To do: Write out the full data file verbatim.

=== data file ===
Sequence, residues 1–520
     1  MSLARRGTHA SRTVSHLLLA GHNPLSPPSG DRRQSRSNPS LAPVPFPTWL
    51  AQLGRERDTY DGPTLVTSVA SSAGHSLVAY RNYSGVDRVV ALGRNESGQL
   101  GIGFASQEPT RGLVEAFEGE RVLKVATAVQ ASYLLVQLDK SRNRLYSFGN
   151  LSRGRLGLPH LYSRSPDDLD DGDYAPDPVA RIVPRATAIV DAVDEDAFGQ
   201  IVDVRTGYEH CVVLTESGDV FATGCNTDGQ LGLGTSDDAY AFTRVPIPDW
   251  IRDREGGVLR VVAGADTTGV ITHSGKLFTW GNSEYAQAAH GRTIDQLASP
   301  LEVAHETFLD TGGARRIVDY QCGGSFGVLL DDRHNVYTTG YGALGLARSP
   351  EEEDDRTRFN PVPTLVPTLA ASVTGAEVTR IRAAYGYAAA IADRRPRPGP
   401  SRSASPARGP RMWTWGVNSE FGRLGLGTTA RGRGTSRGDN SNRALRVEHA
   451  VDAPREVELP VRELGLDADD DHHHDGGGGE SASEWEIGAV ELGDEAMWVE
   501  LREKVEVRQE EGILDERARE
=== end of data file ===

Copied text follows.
Sequence, residues 1–520
     1  MSLARRGTHA SRTVSHLLLA GHNPLSPPSG DRRQSRSNPS LAPVPFPTWL
    51  AQLGRERDTY DGPTLVTSVA SSAGHSLVAY RNYSGVDRVV ALGRNESGQL
   101  GIGFASQEPT RGLVEAFEGE RVLKVATAVQ ASYLLVQLDK SRNRLYSFGN
   151  LSRGRLGLPH LYSRSPDDLD DGDYAPDPVA RIVPRATAIV DAVDEDAFGQ
   201  IVDVRTGYEH CVVLTESGDV FATGCNTDGQ LGLGTSDDAY AFTRVPIPDW
   251  IRDREGGVLR VVAGADTTGV ITHSGKLFTW GNSEYAQAAH GRTIDQLASP
   301  LEVAHETFLD TGGARRIVDY QCGGSFGVLL DDRHNVYTTG YGALGLARSP
   351  EEEDDRTRFN PVPTLVPTLA ASVTGAEVTR IRAAYGYAAA IADRRPRPGP
   401  SRSASPARGP RMWTWGVNSE FGRLGLGTTA RGRGTSRGDN SNRALRVEHA
   451  VDAPREVELP VRELGLDADD DHHHDGGGGE SASEWEIGAV ELGDEAMWVE
   501  LREKVEVRQE EGILDERARE